The deepwater Gulf of Mexico holds an incredible amount of oil and gas. It's truly a world-class energy basin as so far the industry has discovered 77 billion barrels of oil equivalent. The challenge is getting that oil and gas out of the ground, which requires drilling some of the most difficult wells in the world. One company leading the way to meet those challenges head-on is Chevron (NYSE: CVX ) .
The company has a vast portfolio of projects either already in production or heading in that direction. The following map shows just how deep a position the company has in the region.
Notice that Chevon has a nice blend of projects already in production and those it's investing in to drive later production, as well as appraisal and exploration wells to fuel its future.
Looking ahead, 2014 will be a big year for the oil giant in the Gulf. The company has five major capital projects in the works, most of which are scheduled to begin production next year. The following slide details the production boost some of these projects are expected to deliver. Take note of the specific production capacities these projects are expected to offer.
These are truly massive projects. Chevron owns half of the Jack/St. Malo project, with partners including Statoil (NYSE: STO ) owning the other half of the project. The project will cost $7.5 billion and will eventually include the connection of 43 subsea wells. For some perspective on the impact of this project consider that in 2012 Chevron only produced 125,000 barrels of oil equivalent per day in the deepwater of the Gulf of Mexico. This project alone will add 88,500 barrels of oil equivalent production per day net to Chevron. That's a 71% boost to last year's production and it's just one of the projects the company is bringing online in 2014.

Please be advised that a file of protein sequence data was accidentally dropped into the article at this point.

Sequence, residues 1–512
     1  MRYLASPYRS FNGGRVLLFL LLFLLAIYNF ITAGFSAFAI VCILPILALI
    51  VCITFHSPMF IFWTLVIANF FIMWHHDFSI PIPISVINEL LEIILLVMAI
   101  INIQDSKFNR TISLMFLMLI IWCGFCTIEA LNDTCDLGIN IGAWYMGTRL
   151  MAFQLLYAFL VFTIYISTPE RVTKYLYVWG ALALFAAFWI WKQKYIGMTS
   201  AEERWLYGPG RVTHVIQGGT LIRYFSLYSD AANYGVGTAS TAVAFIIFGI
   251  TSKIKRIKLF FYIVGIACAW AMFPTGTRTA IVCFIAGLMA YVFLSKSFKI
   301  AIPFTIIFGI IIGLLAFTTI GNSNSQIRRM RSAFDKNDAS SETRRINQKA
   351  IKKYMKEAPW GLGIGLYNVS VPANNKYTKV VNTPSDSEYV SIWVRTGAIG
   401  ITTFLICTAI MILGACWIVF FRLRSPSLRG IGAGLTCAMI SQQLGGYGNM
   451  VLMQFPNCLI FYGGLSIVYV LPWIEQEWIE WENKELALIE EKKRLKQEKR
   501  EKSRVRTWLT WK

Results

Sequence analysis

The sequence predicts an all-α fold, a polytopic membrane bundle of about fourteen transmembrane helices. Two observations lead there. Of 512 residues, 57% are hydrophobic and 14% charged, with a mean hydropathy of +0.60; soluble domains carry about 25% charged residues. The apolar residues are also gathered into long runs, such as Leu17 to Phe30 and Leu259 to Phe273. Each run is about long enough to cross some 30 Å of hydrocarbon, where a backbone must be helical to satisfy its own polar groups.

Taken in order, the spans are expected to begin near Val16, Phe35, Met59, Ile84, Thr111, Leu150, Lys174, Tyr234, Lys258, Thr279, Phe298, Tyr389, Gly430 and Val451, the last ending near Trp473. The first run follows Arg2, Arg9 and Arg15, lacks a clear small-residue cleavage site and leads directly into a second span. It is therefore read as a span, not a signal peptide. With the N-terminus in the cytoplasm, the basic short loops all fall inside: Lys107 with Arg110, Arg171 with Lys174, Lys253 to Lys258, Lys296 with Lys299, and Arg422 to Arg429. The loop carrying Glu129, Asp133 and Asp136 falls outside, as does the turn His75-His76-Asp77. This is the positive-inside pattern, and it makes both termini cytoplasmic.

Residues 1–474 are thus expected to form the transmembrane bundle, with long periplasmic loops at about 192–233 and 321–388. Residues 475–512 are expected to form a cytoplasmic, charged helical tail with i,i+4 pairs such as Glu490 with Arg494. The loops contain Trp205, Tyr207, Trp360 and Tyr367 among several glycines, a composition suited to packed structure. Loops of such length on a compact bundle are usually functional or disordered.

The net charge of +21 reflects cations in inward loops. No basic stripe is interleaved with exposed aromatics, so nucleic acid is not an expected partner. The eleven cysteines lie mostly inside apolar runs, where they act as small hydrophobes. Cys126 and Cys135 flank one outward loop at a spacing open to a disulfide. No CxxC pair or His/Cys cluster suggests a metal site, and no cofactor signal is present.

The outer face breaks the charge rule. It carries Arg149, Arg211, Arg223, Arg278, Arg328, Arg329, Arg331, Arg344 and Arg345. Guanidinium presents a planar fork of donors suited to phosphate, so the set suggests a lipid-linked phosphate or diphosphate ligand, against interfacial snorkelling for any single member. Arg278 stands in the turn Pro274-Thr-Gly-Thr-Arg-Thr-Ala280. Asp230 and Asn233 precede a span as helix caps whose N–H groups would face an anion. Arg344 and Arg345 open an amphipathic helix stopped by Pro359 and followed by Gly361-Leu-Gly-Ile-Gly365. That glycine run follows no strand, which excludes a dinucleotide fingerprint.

It's followed by the $4.1 billion Big Foot project, of which Chevron owns 60% in partnership with companies including Statoil. One of the more interesting facts on this project is that the hull for the offshore platform was actually manufactured in South Korea and required a three-month journey by sea before arriving in the U.S. Again, given Chevron's share of the production, this is a needle-moving project for the company.
Finally, Tubular Bells, which is operated by Hess (NYSE: HES ) will be connected into a floating production system owned by Williams Partners (NYSE: WPZ ) this year. It's the least expensive of these projects, costing a mere $2.3 billion; Chevron has an ownership share of 42.9%. The key to this project was using Williams. The company's proprietary floating production system is quicker to build so it reduces the cycle time between discovery and actually producing oil.
Chevron has a lot of oil coming online next year from that Gulf. That means that investors will finally begin to see returns from all the capital the company spent. Add it all up and 2014 has the potential to be a very good year for Chevron's investors.
High Oil Prices are the Key to Chevron's Returns
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